Pinball as sci­ence?

Shh, don’t let the kids know that they can ac­tu­ally learn some­thing at this ex­hi­bi­tion.

The Star Malaysia - Star2 - - Living - By AN­GELA HILL

SO there I was, bounc­ing off the walls like a hu­man ball in a room of bumpers, play­ing a 1999 At­tack From Mars pinball game at Chabot Space & Sci­ence Cen­ter in Oak­land, Cal­i­for­nia – un­of­fi­cially known cur­rently as the “Chabot Ar­cade”.

And while it was a blast slam­ming crabby, rude Mar­tians with a speed­ing sil­ver pro­jec­tile, I was se­cretly learn­ing stuff, too.

Things about an­gles, el­lipses, grav­ity, prob­a­bil­ity, mag­net­ics, pop cul­ture, his­tory. Darn you, Chabot, for mak­ing me use my brain!

Yes, the renowned sci­ence cen­tre’s new ex­hibit ti­tled The Art & Sci­ence Of Pinball – run­ning un­til Sept 24 – has 35 vin­tage ma­chines in the main ex­hi­bi­tion space, on loan from the Pa­cific Pinball Mu­seum in the city of Alameda. You can to­tally play them to your in­ner wizard’s con­tent – no to­kens re­quired.

And though it may seem an odd at­trac­tion in a space/sci­ence mu­seum, Adam Tobin, Chabot’s ex­ec­u­tive di­rec­tor, says it scores as a per­fect fit.

“Pinball has it all,” he says, rais­ing his voice dur­ing a re­cent me­dia pre­view to be heard over the nos­tal­gic din of ping-ping, buzz, bo­ing-bo­ing-ping.

“It’s this great in­ter­sec­tion of art, sci­ence, and cul­ture. The art on the ma­chines was in­flu­enced by so­ci­etal changes, you can see how the tech­nol­ogy evolved from pins on a board to me­chan­i­cal de­vices, then to electro­mechan­i­cal, then dig­i­tal.

“The fact that sci­ence is fun is im­por­tant,” he says. “And there’s no bet­ter ex­am­ple of that than pinball.”

I took his word for it, but still tried not to learn too much as I moved over to a 1967 Beat Time ma­chine, with the im­age of a sus­pi­ciously fa­mil­iar-look­ing mu­sic group – The Boo­tles?

Then over to a 1980s Black Knight where the haughty horse­man gave a mock­ing me­chan­i­cal laugh as my ball was lost to an­other realm.

Then back in time to the sim­pler era of 1953 on Fly­ing High, a clas­sic wood­framed ma­chine with women pi­lots pre­par­ing for flight, their miniskirts flut­ter­ing in the wind.

Amid the bells, lights, and whis­tles are in­ter­ac­tive ex­hibits – also more like games them­selves – de­signed and built by Pa­cific Pinball Mu­seum’s founder Michael Schiess.

He and his wife, Melissa Har­mon – co-cu­rat­ing the show – both went “tilt” for pinball long ago, amass­ing a mas­sive col­lec­tion of more than 1,300 ma­chines and open­ing the Pa­cific Pinball Mu­seum in 2004 (orig­i­nally Lucky JuJu).

As a tin­kerer who used to work on ex­hibits at San Fran­cisco’s Ex­plorato­rium sci­ence cen­tre, Schiess is all about ki­netic art and teach­ing sci­encey stuff in fun ways.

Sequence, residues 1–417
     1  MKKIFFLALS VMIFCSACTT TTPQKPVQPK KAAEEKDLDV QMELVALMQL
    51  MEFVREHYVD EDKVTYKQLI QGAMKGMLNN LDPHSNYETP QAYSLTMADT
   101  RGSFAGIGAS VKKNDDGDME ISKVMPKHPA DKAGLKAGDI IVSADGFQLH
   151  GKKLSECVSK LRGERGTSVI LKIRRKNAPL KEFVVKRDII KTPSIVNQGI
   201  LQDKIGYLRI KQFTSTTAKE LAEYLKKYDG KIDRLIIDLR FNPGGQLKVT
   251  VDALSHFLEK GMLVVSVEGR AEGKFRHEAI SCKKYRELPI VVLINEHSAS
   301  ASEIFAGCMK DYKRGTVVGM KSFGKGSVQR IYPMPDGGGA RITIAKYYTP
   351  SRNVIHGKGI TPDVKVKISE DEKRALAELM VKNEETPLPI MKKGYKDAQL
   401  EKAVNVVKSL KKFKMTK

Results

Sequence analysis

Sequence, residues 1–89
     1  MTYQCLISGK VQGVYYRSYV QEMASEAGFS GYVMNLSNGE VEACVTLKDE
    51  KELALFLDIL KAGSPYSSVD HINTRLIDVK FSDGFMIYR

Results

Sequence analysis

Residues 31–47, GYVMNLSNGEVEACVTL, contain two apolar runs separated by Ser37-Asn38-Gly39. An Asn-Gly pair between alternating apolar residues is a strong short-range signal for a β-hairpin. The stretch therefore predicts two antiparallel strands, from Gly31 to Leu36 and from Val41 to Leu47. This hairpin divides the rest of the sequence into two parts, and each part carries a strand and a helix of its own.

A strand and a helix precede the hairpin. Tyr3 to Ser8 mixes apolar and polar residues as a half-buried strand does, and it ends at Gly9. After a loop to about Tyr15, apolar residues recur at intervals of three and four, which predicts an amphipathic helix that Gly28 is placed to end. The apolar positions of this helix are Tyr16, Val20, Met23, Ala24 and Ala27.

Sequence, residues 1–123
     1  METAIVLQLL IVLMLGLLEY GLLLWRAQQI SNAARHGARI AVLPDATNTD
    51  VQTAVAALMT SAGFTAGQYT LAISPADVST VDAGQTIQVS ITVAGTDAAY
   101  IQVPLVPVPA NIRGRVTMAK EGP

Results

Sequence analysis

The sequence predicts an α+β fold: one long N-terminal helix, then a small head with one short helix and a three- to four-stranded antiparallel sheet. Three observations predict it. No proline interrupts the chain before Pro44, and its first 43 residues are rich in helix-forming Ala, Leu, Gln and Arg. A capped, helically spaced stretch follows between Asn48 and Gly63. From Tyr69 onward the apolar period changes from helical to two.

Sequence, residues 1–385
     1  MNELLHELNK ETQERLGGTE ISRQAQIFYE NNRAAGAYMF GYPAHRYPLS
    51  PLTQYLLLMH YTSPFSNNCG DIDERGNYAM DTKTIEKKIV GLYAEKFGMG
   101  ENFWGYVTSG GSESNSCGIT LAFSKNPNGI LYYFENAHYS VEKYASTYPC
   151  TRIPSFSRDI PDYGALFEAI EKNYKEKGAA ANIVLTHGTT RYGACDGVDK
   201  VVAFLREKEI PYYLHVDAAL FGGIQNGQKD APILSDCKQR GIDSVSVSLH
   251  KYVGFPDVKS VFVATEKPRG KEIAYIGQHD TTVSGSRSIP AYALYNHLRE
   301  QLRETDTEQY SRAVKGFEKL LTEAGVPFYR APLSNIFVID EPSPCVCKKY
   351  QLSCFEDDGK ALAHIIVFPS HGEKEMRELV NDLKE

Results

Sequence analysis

“Like, check this out,” he says, push­ing a but­ton on his Pin­bowl dis­play, a big Plex­i­glas bowl rimmed in blue neon with three pinball bumpers in the mid­dle. A ball leaps around like pop­corn ker­nels in a hot pan.

“If you stood here a thou­sand years, you could see pat­terns de­velop,” he says. “Chaos, over a pe­riod of time, is pre­dictable.”

Har­mon has al­ways been drawn to the art on the back­glass, the up­right part of a pinball ma­chine’s cab­i­net. They’re uniquely Amer­i­can de­signs which oft go un­no­ticed by the guy in the back of the Pizza Hut fu­ri­ously flip­ping flip­pers on a fu­tile quest for a multi­ball. And some of the works are a lit­tle bizarre.

She points to the 1961 Egg Head game. “It’s a silly cartoon style,” she says. “But when you re­ally look at it, there’s a lot more to it. It’s got bizarre im­ages of a sci­en­tist in the back­ground, a ro­bot play­ing tic-tac-toe with beau­ti­ful women smok­ing cig­a­rettes.”

We walk over to the North Star game from 1964. It’s back­glass shows a smil­ing Eskimo wo­man – her fur coat also a miniskirt ver­sion – with a sub­ma­rine in the back­ground. “It’s de­pict­ing when the Nau­tilus sub came up un­der the North Pole (in 1958), which was a real event,” Har­mon says. “But it has one of the sailors sit­ting on an ice­berg with a gui­tar, ser­e­nad­ing the Eskimo wo­man. I’m pretty sure that didn’t hap­pen!”

Along with the games and dis­plays – all fea­tur­ing in­for­ma­tion about me­chan­ics, math, his­tory, and other mat­ters – large can­vas re-cre­ations of colour­ful back­glass art by San Fran­cisco Bay Area mu­ral­ists Dan Fontes and Ed Cas­sel are hung through­out the ex­hibit.

The mu­seum also has sev­eral work­shops and spe­cial pro­grammes.

You might just learn some­thing. But, shh, don’t tell any­one. – The Mer­cury News/Tri­bune News Ser­vice

The Art And Sci­ence Of Pinball is on at the Chabot Space & Sci­ence Cen­ter (No. 10000, Sky­line Boule­vard, Oak­land, Cal­i­for­nia, United States) un­til Sept 24. Reg­u­lar ad­mis­sion is US$18 (RM77) for adults and US$14 (RM60) for youth. For more in­for­ma­tion, go to chabotspace.org.

The art on the back­glass, the up­right part of a pinball ma­chine’s cab­i­net, can be a lit­tle bizarre ....

Schiess demon­strat­ing one of the ma­chines.

Bumpers on a vin­tage pinball ma­chine at The Art And Sci­ence Of Pinball ex­hibit. The ex­hi­bi­tion in­cludes vin­tage ma­chines vis­i­tors can ac­tu­ally play, while learn­ing about the sci­ence and engi­neer­ing that goes into the games. — Pho­tos: TNS

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